Steve Jobs's Final Product?

As a fan of both Walter Isaacson and of Apple products, I have happily begun reading (along with a few million others) the new Steve Jobs biography. So far I find it to be as compelling as expected. Just a few pages into it, I was struck by this thought: as much as Jobs is known for the iPod, iPhone, iPad, etc.,  I couldn’t help but think that the book itself is in some ways Jobs’s final product.

In the introduction, “How This Book Came To Be,” Isaacson — who, it should be made clear, is a true heavyweight of a non-fiction writer — relates how Jobs approached and repeatedly pursued him to write the book. The terms were clear: Jobs would participate fully, and give others (including those who might be hostile to him) the go-ahead to do the same, and Jobs would have no right to approve or edit material. “He didn’t seek any control over what I wrote, or even ask to read it in advance,” Isaacson writes. That said, it becomes clear that Jobs was infinitely interested in shaping the book. To wit:

His only involvement came when my publisher was choosing the cover art. When he saw an early version of a proposed over treatment, he disliked it so much that he asked to have input in designing a new version. I was both amused and willing, so I readily assented.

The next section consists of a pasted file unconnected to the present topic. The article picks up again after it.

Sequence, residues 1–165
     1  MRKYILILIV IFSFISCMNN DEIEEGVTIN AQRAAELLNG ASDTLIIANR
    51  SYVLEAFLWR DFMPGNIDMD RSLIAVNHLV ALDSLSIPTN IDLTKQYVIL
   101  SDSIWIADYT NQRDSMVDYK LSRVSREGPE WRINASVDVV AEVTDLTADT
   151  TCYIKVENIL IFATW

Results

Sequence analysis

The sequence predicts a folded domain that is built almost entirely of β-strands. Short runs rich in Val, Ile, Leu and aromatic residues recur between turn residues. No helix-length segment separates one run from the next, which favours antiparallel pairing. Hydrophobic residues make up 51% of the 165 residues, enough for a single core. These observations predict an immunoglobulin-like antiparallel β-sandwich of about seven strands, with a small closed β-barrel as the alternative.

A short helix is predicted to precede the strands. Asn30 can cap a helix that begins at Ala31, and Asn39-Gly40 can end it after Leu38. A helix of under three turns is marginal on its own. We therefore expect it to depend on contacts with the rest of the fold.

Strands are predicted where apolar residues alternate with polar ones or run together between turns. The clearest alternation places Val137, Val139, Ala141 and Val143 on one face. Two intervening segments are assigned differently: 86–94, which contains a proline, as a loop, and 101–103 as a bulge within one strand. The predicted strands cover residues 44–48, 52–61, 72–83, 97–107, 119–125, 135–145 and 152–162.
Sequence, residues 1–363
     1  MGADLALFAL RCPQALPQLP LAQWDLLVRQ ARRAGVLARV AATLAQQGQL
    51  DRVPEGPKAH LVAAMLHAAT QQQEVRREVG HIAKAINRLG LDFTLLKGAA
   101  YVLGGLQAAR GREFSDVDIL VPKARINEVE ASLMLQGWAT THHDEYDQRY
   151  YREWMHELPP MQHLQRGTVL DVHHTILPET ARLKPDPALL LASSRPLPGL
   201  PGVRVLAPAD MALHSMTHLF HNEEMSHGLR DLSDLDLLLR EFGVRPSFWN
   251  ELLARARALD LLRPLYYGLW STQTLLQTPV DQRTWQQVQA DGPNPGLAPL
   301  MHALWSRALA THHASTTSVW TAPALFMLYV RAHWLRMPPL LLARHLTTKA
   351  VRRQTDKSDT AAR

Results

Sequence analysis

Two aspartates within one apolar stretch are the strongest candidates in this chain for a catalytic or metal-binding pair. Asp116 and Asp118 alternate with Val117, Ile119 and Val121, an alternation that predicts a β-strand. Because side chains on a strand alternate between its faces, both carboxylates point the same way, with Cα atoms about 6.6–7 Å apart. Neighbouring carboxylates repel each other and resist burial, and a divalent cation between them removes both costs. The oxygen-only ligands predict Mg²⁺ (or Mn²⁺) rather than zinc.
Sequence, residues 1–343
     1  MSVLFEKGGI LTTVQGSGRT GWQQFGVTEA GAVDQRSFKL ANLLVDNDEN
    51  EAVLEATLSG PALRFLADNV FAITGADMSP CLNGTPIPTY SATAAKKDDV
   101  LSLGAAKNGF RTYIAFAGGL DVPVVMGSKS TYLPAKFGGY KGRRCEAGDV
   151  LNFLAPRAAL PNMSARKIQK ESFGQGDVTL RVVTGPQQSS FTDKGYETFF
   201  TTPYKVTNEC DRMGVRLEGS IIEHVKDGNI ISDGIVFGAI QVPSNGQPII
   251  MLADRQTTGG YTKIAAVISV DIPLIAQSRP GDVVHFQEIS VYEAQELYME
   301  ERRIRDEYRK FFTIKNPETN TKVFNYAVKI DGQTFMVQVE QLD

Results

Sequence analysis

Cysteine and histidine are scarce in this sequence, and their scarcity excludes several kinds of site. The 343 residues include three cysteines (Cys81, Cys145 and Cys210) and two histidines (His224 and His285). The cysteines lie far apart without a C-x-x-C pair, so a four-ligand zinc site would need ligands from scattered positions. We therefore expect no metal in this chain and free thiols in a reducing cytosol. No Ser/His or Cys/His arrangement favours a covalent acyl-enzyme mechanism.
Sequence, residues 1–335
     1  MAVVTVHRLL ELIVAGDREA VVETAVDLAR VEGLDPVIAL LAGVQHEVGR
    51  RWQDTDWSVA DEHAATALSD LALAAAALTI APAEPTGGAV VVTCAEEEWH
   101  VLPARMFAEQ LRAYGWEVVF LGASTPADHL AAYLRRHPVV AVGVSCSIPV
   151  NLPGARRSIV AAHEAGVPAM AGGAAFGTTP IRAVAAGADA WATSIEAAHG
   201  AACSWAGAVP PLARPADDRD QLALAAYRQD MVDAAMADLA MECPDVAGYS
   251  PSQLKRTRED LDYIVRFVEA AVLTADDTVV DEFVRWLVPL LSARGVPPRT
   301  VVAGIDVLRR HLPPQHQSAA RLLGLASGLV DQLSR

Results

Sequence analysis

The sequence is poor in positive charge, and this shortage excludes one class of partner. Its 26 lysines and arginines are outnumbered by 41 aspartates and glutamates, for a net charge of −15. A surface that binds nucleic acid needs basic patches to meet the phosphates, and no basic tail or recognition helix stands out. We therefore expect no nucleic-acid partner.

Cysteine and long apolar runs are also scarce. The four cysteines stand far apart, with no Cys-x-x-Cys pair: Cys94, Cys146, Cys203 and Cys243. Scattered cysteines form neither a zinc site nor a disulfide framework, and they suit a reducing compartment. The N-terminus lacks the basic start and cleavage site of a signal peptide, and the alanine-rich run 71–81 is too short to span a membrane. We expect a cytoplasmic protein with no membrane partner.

I finished it as well, great read. you should definitely check out great quotes from the book. One of the best compilations I've seen online yet!

Joe Dokes

Thanks, the quotes were great, though I now think Steve's favorite word was, "Shit."

The quotes did show some fantastic insight, now I'm sad again.


Joe Dokes

Eric M. Jones

"So we went to Atari and said, 'Hey, we've got this amazing thing [the Apple Computer], even built with some of your parts, and what do you think about funding us? Or we'll give it to you. We just want to do it. Pay our salary, we'll come work for you.' And they said, 'No.' So then we went to Hewlett-Packard, and they said, 'Hey, we don't need you. You haven't got through college yet.'"

- Steve Jobs


It's just a shame how frequently the WE of that statement (Wozniak) gets forgotten.

Mario Huezo

This is one of the most inspiring books I've read in a long time, both for life and business.


What keen insight.

"The greatest tweaker of his generation did not care to be tweaked." - Malcolm Gladwell noted as well in his Nov 14, 2011 The New Yorker article about the real genius of Steve Jobs.


Great book because it seems as honest as it could get.